(Photo capped from FrontRow, GMA Network)
However, although the perceived benefits of the telehealth, rules and regulations need to be in place to ensure there are check and balances in the practice of telehealth, thus should be the purpose of the telehealth bill. However, although this is the only billed filled in congress, I believe that the bill is half-baked and needs more improvement. For the purpose of this paper, I will site two (or more) sections that for me needs to be revised and be expounded further.
Section 6. Implementing Agency – The Department of Health shall be the lead agency in implementing this act. For the purpose stated, the DOH shall:
     a) establish a National Telehealth Board;
     b) Coordinate with the Department of Science and Technology through its Information and Communications Technology Office (DOST-ICTO)
While telemedicine refers specifically to remote clinical services, telehealth can refer to remote non-clinical services, such as provider training, administrative meetings, and continuing medical education, in addition to clinical services.
Section 7. National Telehealth Board – To ensure the implementation of this Act and to serve as an executive body of the National Telehealth System, the National Telehealth Board shall be created and made an integral part of the Office of the Secretary of DOH.
The Board shall be composed of seven (7) members and shall be chaired by teh DOH Secretary, Members of the Board shall be as follows:
     1) The Secretary of DOST
     2) an Undersecretary of the Department of Interior and Local Government;
     3) a representative from the League of Provinces in the Philippines
     4) a representative from the League of Municipalities
     5) a representative of the Philippine Health Insurance Corporation
     6) a representative of the Associate of Municipal Health Offices;
     7) a representative from the Philippine Medical Association.
Section 6 needs to be revised considering we already have Department of Information and Communications Technology (DICT), DOH will have to coordinate with the DICT and in addition the National Privacy Commission to ensure implementation of the ICT projects. In this section also, it would have been better if the scope and roles of the DICT, and now the NPC will be clearly stipulated.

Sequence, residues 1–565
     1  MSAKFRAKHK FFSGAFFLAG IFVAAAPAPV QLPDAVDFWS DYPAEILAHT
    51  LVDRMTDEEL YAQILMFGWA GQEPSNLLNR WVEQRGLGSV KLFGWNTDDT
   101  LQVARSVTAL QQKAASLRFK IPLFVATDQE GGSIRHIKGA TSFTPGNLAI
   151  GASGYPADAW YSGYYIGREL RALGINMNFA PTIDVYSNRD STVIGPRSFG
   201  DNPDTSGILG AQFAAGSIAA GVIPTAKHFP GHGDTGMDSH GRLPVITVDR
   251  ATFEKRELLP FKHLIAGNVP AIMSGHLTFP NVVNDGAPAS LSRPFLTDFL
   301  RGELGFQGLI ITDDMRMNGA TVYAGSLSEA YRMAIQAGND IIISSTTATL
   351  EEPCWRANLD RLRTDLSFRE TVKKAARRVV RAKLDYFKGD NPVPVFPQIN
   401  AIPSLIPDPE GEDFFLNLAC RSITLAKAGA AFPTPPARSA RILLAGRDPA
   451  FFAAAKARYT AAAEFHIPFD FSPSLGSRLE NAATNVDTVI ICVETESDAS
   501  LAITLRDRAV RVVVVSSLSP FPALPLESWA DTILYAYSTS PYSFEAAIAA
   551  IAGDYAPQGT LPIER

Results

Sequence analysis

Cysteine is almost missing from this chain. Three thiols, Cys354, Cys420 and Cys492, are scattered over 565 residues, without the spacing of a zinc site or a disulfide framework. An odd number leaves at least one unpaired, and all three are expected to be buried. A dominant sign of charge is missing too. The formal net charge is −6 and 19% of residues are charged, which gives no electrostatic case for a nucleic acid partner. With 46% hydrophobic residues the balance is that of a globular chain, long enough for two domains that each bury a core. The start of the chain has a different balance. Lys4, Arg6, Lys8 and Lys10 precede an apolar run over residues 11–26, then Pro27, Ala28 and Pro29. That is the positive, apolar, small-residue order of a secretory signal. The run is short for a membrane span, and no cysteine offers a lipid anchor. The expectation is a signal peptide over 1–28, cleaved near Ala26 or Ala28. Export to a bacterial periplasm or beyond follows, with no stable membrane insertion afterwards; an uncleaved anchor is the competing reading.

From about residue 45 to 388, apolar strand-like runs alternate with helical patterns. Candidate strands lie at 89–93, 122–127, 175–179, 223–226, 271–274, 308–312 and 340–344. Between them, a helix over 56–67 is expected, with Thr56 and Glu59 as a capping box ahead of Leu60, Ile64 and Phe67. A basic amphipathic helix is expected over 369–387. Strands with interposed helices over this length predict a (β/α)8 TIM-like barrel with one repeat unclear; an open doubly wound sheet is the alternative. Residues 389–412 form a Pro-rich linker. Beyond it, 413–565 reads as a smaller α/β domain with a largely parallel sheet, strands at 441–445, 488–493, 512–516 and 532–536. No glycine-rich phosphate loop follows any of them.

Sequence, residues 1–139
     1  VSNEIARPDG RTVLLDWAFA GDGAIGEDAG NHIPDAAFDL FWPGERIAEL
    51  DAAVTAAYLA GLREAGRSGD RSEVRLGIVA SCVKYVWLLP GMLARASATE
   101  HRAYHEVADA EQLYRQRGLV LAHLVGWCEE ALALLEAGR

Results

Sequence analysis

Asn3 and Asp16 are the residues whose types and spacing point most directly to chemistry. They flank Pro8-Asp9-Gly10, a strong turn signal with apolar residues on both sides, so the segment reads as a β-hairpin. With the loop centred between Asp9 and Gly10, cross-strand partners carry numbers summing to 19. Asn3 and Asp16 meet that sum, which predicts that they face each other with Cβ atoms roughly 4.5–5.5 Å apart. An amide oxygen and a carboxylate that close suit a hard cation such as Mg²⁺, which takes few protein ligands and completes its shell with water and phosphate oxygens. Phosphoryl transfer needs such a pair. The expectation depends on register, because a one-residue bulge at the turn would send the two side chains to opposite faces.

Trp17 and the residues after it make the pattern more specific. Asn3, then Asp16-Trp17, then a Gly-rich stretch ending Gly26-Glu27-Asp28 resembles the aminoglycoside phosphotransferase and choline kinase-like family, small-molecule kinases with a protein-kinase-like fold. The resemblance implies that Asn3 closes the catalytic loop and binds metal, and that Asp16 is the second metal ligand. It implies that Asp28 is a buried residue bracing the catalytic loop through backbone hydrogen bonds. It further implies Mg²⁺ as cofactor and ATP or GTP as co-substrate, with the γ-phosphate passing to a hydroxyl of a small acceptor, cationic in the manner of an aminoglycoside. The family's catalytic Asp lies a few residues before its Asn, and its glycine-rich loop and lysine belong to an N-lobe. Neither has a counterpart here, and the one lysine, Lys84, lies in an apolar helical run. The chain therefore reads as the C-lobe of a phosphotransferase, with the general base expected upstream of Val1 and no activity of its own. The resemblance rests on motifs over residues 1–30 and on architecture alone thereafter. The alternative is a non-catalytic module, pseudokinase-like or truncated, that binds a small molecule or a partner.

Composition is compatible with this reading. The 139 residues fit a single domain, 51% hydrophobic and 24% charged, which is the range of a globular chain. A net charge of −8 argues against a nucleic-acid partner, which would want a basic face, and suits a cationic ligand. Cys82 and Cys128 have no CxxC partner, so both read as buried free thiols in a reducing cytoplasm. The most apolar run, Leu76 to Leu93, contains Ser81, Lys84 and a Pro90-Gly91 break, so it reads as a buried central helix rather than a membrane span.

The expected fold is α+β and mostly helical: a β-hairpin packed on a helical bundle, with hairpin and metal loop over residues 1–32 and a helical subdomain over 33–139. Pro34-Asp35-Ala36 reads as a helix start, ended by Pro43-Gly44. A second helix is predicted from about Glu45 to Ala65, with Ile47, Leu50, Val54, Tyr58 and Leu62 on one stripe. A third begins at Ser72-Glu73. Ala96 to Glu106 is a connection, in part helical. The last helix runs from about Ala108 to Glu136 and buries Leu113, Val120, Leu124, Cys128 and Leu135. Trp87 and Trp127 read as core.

In section 7, DICT and NPC secretary should be included, Executive Director of the National Institutes of Health, Executive Director, Philippine Council for Health Research and Development (PCHRD), DOST, at the very least. All these offices I added aims to provide guidance on the correct implementation of the telehealth in the Philippines, while the members of the board already stated above is necessary to ensure sustainability of the telehealth.
Also, a separate Article should be allotted to define and set guidelines on the ethics, privacy, confidentiality and safety in telehealth practice. In this article, Section 11-14/16 would be included to elaborate the government’s measures to ensure the ethical and safe practice of telehealth. The last point, I would like to emphasize in this blog is the ambiguity of Section 9. Databases. The bill failed to define “Database”, and in the context of information system database can be interpreted as the complete data records of the interactions, including the names, details of the patients. The word database was used very loosely to signify (maybe) record of transactions using telehealth. That still has privacy and confidentiality issues if not clearly defined.
I believe that the telehealth bill still needs a lot of revisions to be done and consultations with the experts (i.e. Health Informatics graduates) to ensure that concerns and issues regarding telehealth are covered, and individuals rights are safeguarded.
1 National Telehealth Center retrieved from
2 Kumekawa J. Telehealth and the Internet. Office for the Advancement of Telehealth, Health Resources and Services Administration, July 2000.